Rural children hospitalized at children’s hospitals have high rates of medical complexity and often reside in low-income and medically underserved areas. Compared with nonrural children, rural children experience more expensive hospitalizations and more frequent readmissions.
Some children living in rural areas travel a great distance for inpatient care in children’s hospitals. Little is known about differences in children’s hospital use between rural and nonrural children.
Rural children hospitalized at children’s hospitals have high rates of medical complexity and often reside in low-income and medically underserved areas. Compared with nonrural children, rural children experience more expensive hospitalizations and more frequent readmissions.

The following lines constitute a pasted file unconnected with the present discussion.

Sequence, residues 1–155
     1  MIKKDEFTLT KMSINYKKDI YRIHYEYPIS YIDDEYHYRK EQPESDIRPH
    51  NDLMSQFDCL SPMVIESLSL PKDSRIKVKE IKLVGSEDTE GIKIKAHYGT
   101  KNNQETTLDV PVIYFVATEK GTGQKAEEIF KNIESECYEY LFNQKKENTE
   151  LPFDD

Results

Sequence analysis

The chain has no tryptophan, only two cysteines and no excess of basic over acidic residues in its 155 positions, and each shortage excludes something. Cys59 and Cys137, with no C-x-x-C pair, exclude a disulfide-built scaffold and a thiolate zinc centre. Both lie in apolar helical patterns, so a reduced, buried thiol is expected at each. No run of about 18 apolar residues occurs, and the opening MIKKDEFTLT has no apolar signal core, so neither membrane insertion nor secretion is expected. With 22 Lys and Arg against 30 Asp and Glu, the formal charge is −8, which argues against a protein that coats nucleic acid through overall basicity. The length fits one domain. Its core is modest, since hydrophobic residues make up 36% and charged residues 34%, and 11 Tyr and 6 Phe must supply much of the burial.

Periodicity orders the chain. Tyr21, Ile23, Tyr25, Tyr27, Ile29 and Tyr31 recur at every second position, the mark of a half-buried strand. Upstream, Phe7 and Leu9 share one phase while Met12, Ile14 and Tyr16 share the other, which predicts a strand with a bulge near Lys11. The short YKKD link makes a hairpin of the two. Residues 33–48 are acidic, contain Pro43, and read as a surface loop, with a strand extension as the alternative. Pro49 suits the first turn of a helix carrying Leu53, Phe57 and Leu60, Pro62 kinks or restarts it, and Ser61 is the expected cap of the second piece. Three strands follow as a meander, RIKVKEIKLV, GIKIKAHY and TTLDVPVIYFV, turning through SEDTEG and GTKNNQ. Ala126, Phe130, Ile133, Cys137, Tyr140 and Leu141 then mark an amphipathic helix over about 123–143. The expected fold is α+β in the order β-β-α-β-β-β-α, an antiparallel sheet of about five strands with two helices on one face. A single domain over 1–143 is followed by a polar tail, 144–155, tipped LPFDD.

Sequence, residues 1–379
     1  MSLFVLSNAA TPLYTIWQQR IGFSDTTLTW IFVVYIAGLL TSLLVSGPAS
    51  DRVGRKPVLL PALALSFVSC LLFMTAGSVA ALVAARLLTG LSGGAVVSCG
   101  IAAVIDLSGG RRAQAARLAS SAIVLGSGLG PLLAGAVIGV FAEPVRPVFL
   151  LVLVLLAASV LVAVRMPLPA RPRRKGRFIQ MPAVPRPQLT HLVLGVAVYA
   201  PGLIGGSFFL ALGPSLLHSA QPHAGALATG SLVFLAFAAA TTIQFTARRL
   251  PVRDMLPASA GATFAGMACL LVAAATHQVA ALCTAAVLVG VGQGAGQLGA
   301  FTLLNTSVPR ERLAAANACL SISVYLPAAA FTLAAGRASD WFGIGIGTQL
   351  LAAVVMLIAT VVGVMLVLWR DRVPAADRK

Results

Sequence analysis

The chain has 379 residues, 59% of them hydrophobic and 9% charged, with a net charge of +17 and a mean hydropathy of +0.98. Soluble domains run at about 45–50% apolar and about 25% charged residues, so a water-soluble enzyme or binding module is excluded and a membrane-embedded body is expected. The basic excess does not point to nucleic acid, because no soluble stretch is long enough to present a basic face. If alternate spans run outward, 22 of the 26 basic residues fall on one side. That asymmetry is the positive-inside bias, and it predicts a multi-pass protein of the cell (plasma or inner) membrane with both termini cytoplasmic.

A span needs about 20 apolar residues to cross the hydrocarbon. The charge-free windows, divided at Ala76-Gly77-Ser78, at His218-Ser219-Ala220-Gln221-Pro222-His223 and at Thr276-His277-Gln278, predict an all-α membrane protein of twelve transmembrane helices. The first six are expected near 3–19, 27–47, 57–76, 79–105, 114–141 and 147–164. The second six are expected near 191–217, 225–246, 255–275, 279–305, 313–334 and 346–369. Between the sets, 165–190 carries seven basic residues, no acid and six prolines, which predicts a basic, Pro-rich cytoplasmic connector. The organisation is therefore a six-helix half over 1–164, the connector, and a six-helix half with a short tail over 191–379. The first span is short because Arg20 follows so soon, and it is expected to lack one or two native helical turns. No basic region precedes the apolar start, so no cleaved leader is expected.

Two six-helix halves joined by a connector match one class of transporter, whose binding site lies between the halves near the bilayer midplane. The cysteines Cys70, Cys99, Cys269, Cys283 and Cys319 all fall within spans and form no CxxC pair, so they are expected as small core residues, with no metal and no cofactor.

Nearly 1 in 5 children in the United States resides in a rural area.1 Compared with nonrural children, children living in rural areas often experience worse health outcomes.1,2 Children living in rural areas have higher rates of obesity, tobacco exposure, and chronic medical conditions compared with urban children.1,3,4 Rural children are also more likely to live in poverty, have unmet medical needs, and rely on Medicaid for their health care.1,3,5 The White House Rural Council recently launched “Rural Impact,” a large initiative aimed at addressing rural child poverty and health disparities.6